Eid is finally round the corner and all eyes are set on the upcoming festival that is celebrated amidst much fanfare across the world! Eid-ul-Fitr is widely celebrated across the globe and in the Islamic world. The festival has rich cultural significance, and symbolizes the end of the holy month of Ramadan. Check out how this special festival is celebrated across the world.
Eid in United States of America
Muslims of the United States gather in various Islamic Centres, open parks, convention halls and mosques, to offer prayers and indulge in the Eid celebrations. Muslim families visit each other’s residences with gifts and sweets, and there are large feasts organised in community halls and mosques. Festivities continue for 3 days in the USA and people gift each other spicy, sweet and other flavourful delicacies, and also visit amusement parks, multiplexes, skating rinks and other activity centres.
Eid in United Kingdom
Eid al-Fitr is not a public holiday in the country, however, many Muslims attend the prayer in the morning. Some local businesses and schools also offer extension and leaves to Muslims, to enable them to enjoy the celebrations of Eid. Most men of South Asian origin wear jubba, thawb and sherwani while women prefer salwar kameez during the morning prayers. People also visit the local cemetery to offer prayers for their deceased family members. Visiting of family friends and relatives also forms a key element of the celebration. Traditional dishes like Handesh, Noonor Bora, Fulab, Siweya, etc are cooked and cherished during Eid.
Eid in Egypt
In Egypt, Eid-ul-Fitr celebrations are held over four days. Fish recipes are an essential part of the Eid feast, along with other delicacies such as Fata and Kahk. Following the special prayer, families visit their friends and relatives to distribute gifts and sweets. Children receive money, gifts and new clothes from elders. People also visit popular cultural sites, take a Nile River cruise and revel in getaways to the famous sea-side resorts of Hurghada and Sharm-El-Shaikh.
Eid in Canada
Majority of Canadian Muslims make their way to the several Islamic centres and take a day off during the Eid festival. Cities like Toronto, Vancouver, Montreal, Ottawa and Calgary organise prayers at the Islamic centres, convention halls, sport arenas and mosques. Prayers are held multiple times to accommodate the large Muslim communities here. Children receive money and gifts from their parents and elders. Community feats are also organised in the various community centres and cultural zones. People also visit the amusement parks, shopping malls and activity centres with family and friends.
Eid in Turkey
Eid-ul-Fitr is a public holiday in Turkey. All government offices and schools are closed during the 3-day period of this festival. The celebrations are in accordance with Turkey’s popular traditions. Turkish people wear new clothes that are referred as bayramlik. People visit prayer services, wear their best clothes and purchase gifts and souvenirs for their friends, family members and relatives. The Eid celebrations is known as Bayram and it’s customary to visit cemeteries to greet and pray for their deceased family members. The celebrations also include delightful Turkish traditional sweets like Baklava, Turkish Delight, chocolates, and more.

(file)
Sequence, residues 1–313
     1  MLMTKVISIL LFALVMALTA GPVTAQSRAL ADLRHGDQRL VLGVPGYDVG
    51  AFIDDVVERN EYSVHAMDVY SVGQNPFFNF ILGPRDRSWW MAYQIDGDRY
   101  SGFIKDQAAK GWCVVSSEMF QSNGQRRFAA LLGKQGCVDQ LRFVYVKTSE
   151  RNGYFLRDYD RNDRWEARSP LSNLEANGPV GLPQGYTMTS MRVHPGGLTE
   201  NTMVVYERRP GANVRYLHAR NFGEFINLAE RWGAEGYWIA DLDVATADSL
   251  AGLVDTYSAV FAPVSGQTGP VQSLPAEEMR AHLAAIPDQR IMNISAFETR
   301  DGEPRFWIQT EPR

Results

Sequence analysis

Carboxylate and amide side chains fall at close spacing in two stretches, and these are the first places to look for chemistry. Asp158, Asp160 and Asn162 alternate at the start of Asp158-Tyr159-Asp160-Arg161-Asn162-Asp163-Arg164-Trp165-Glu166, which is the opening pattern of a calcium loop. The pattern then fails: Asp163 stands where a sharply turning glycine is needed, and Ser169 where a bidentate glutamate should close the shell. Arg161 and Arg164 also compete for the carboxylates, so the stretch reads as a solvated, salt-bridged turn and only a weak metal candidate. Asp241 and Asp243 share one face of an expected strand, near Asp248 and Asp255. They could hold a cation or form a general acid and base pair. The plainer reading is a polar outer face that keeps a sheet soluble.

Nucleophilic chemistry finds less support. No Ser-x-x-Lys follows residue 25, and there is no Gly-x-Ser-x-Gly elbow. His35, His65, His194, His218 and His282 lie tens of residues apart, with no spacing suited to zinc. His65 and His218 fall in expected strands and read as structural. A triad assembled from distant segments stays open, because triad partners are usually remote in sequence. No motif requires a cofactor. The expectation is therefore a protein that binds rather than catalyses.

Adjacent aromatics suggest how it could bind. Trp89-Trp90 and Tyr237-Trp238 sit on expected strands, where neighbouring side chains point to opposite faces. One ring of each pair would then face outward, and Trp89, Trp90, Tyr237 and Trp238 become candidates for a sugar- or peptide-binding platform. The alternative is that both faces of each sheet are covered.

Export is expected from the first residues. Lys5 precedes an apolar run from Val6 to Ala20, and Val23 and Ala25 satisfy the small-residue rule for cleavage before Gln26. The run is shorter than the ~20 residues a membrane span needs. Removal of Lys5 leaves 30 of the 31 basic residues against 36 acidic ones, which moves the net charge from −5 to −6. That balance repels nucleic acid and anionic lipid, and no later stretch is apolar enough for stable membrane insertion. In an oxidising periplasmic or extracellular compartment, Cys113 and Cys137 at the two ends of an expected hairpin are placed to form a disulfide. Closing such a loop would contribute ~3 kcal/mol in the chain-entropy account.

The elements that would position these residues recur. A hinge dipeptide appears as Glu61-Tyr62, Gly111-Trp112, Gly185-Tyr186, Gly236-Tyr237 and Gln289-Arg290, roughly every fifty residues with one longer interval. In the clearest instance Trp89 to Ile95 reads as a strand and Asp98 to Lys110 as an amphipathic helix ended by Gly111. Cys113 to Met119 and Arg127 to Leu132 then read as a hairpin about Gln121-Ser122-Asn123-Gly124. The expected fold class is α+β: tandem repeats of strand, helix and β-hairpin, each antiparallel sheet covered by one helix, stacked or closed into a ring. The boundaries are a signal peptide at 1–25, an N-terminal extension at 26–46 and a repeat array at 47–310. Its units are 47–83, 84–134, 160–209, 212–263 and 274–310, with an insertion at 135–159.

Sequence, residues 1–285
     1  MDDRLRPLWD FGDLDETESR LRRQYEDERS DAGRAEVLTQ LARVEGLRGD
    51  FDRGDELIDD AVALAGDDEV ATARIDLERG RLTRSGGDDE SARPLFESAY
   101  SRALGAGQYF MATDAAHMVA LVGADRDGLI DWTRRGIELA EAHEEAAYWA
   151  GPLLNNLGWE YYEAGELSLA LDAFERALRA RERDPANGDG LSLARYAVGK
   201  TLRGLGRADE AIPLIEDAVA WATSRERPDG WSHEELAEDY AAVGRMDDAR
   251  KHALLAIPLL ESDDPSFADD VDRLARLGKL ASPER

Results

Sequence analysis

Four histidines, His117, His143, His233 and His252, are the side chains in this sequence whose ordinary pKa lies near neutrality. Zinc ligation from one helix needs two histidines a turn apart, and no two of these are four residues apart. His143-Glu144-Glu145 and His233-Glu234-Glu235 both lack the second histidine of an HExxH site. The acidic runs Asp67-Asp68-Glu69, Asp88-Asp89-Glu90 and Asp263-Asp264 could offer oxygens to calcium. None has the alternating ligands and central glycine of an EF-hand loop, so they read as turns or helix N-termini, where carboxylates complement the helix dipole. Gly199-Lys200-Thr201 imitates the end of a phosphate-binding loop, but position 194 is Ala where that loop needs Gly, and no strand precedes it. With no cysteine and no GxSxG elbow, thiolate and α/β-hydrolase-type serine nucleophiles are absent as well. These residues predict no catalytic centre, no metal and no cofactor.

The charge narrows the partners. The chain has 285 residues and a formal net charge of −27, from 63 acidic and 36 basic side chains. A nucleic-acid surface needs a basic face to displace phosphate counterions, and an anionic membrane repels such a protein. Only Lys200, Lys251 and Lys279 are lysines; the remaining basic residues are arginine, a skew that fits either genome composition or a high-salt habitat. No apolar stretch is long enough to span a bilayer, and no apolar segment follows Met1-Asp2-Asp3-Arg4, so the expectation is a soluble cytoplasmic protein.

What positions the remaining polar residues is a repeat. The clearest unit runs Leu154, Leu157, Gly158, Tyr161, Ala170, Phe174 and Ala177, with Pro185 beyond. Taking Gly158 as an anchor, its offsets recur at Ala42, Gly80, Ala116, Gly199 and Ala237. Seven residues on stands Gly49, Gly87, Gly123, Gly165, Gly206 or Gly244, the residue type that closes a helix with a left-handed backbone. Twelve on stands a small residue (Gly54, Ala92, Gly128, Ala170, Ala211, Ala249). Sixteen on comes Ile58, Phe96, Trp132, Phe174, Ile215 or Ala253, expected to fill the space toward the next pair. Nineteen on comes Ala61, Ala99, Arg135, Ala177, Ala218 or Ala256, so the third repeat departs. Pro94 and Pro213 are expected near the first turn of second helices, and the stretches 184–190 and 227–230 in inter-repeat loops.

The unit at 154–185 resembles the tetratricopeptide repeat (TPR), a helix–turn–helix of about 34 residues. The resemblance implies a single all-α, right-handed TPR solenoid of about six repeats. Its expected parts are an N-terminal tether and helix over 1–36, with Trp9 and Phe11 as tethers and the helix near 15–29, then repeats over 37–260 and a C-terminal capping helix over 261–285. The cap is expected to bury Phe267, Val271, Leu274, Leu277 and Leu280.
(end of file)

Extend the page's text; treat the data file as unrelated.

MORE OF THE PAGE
Eid in Malaysia
In Malaysia, Eid is known as Hari Raya Aidilfitri, which means celebration day of Eid-ul-Fitr. Malaysians travel back to their homes to seek their forgiveness and to pray with elders, parents, and in-laws. This homecoming tradition is known in Malaysia as Balik Kampung or ‘the homecoming’. In Malaysia, it’s important to wear traditional cultural clothes during the celebrations. People participate in prayers and open their houses to entertain family and friends. Gifts are distributed and there are special celebrations as well as grand meals during the Eid-ul-Fitr celebrations in Malaysia.
Eid in Saudi Arabia
The festival of Eid al-Fitr is celebrated with great affection in Saudi Arabia. It involves delicious meals comprising of traditional Saudi recipes and decoration of homes. Following prayers, families gather at their patriarchal homes with families and relatives. Young children receive gifts from the elder family members, and a special Eid meal is prepared. Family members distribute gifts among themselves and also offer gifts to strangers. In some areas of Saudi, neighbours put large rugs on the streets and each household will cook and share meals with all the neighbours!
Eid in India
In India, the night before Eid is called Chaand Raat which means ‘Night of the Moon’. Muslims of India visit markets, shopping malls and bazaars with their families to buy new clothes, gifts and sweets. Ladies apply the traditional henna on their hands and feet and purchase colourful bangles. Indian Muslims greet each other saying ‘Eid Mubarak’, followed by a formal embrace. Gifts and new clothes are distributed to the family members and relatives, and traditional sweets like Sivayyan, Lachcha and Kheer are prepared.